Thursday, April 9, 2015

A Check List for Managing Urban Air Quality

Growing Public Health Concerns from Poor Urban Air Quality: Strategies for Sustainable Urban Living (9 page pdf, Bhaskar Kura, Suruchi Verma, Elena Ajdari, Amrita Iyer, Computational Water, Energy, and Environmental Engineering, Apr. 2013)

Today we review a paper that zeroes in on the issue of urban air pollution and its health impacts, identifying which pollutants cause the greatest harm and what to do about that in terms of identifying and controlling pollution sources. Given that a million premature deaths and another million pre-native deaths are linked to urban air pollution, along with 2-5% GDP costs for developed and developing countries respectively, much more attention is needed at the municipal level now.

 urban aq manageemnt  

Key Quotes:

 “more than 1 billion people are exposed to outdoor air pollution annually. Urban air pollution is linked to about 1 million premature deaths and 1 million pre-native deaths each year…is estimated to cost approximately 2% of GDP in developed countries and 5% in developing countries”

“ contribution of these transportation sources to the overall ambient concentration of that particular air pollutant:
• Carbon monoxide (CO) [70% to 90%]
• Hydrocarbons likemethane (CH4), gasoline (C8H18) and diesel vapors, benzene (C6H6), formaldehyde (CH2O), butadiene (C4H6) and acetaldehyde (CH3CHO). [50%]
• Oxides of nitrogen (NOx) - [45% to 50%]
• Greenhouse gases like carbon dioxide [30%] in developed countries and [15%] worldwide.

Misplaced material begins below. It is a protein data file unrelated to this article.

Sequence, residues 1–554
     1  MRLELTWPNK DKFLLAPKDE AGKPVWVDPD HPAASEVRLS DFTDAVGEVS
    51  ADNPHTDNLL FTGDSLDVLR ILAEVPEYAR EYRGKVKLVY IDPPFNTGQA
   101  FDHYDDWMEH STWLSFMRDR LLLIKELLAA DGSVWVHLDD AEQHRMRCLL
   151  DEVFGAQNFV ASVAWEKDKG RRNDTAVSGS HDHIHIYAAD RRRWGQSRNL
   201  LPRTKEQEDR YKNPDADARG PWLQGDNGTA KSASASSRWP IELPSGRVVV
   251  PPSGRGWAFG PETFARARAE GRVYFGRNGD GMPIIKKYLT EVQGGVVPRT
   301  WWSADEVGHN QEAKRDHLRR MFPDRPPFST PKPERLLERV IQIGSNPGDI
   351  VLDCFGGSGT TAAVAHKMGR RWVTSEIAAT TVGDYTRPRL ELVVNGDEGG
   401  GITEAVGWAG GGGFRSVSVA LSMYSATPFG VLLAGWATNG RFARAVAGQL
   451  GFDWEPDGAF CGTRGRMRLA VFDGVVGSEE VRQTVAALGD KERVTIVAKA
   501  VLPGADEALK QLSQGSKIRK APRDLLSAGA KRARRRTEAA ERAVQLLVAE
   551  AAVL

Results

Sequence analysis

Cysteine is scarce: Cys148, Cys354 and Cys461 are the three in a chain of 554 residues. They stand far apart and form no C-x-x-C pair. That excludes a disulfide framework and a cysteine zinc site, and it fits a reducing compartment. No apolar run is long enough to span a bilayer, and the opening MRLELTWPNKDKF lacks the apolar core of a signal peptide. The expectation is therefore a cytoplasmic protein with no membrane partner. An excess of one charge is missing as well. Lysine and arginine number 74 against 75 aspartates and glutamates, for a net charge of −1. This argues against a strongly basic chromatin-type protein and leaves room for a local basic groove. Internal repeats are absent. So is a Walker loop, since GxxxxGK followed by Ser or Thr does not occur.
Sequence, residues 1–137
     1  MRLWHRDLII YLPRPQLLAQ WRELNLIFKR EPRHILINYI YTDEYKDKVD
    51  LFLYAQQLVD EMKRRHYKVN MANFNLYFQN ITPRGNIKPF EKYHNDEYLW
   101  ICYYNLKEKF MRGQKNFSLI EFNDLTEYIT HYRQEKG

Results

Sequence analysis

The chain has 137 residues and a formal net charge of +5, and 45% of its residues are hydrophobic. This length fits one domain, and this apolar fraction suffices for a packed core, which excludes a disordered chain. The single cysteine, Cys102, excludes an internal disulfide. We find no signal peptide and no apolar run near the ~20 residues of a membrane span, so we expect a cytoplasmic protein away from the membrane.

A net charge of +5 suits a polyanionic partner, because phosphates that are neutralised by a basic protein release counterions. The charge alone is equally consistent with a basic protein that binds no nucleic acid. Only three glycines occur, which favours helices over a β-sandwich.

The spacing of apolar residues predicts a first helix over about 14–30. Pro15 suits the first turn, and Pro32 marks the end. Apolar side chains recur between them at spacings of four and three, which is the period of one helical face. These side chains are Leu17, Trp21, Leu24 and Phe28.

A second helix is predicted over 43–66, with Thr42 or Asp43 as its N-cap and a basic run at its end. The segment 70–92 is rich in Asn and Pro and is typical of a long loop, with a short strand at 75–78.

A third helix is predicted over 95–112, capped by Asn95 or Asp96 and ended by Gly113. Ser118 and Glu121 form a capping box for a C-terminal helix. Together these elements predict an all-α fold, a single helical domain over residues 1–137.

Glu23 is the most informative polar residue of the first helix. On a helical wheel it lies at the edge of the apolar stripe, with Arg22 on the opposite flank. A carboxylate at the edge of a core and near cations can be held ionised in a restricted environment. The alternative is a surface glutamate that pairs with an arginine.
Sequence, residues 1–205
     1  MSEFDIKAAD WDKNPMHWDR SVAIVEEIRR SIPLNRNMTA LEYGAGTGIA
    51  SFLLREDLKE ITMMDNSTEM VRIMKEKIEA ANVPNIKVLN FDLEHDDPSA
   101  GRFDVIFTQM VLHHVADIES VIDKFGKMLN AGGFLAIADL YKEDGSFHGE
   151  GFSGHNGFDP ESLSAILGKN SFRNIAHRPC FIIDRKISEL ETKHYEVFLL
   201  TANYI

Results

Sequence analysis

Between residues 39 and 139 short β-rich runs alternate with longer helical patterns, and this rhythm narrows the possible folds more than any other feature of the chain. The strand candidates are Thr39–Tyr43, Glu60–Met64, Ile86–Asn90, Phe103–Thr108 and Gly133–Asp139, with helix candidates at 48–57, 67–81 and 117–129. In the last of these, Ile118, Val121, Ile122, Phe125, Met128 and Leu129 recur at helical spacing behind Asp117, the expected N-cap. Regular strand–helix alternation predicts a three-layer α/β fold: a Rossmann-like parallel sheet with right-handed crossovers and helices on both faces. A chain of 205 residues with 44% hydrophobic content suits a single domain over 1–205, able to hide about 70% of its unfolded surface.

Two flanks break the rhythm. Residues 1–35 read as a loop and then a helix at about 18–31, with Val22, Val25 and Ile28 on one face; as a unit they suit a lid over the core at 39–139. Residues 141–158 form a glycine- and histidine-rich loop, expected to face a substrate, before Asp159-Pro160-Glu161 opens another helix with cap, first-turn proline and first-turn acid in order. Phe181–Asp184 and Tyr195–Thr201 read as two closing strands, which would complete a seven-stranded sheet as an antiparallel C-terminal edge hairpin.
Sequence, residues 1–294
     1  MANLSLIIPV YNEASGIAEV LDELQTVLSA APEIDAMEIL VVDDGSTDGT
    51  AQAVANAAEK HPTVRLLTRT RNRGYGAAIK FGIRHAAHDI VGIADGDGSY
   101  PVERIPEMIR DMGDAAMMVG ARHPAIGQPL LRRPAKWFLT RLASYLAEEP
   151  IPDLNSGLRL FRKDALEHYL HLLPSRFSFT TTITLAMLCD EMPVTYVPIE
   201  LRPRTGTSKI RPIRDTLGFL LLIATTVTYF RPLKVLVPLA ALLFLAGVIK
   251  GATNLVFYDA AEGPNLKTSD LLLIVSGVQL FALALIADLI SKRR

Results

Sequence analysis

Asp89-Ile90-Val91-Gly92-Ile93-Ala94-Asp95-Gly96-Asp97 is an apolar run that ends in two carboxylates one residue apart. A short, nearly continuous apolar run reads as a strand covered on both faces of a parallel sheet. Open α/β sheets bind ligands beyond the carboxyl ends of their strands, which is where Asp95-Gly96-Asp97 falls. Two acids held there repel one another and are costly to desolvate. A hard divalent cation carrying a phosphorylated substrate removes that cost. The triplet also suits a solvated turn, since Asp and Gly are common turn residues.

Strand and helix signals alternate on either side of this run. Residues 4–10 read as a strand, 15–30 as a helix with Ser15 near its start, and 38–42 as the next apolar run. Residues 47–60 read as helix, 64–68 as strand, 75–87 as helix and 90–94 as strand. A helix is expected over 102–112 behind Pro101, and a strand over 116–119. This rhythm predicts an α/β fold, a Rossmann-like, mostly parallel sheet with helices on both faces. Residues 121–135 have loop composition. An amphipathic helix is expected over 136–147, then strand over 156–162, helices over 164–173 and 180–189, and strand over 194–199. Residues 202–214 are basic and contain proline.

• Particulate matter ((PM10/PM2.5) - [25%]. In Europe, the average levels for PM10is approximately 40 μg/m3, and in Beijing the average level is 141 μg/m3.
 • Sulfur dioxide (SO2) - [5%]
• Lead– Lead is a toxic metal mainly used as an anti- knocking agent in gasoline (Lead tetraethyl - Pb(C2H5)4) and is also used in batteries (lead dioxide as an anode and lead as a cathode).
 • Odors- Diesel and gasoline engines are the major sources of odors”

“Conceptual urban air quality management approach:
 • Identify sources of air pollution in the immediate urban area..
• identify the specific pollutants that may be released in the air environment
• Conduct preliminary air quality monitoring to identify the concentration ranges for air pollutants.
. • Identify the best monitoring techniques, equipment, and resources needed to understand the short term and long term trends of these pollutants
 • Establish a permanent network of air quality monitoring stations to measure criteria pollutants…
• Develop a database of air pollutant emission quantities from various sources…
 • Evaluate the relationships between the emission quantities and the ambient concentrations under various meteorological conditions
 • Prioritize the sources of air pollution for regulating.
 • developing policies to control emissions and also to make changes in public behavior which may be responsible for poor air quality (traffic; open burning; fuel combustion; others)
 • Develop a decision support system to integrate the ambient air quality data to compute exposures and health risk probabilities..
• Use the data from the decision support system to assist the policy makers, scientists, and the public to achieve the required air quality management goals”

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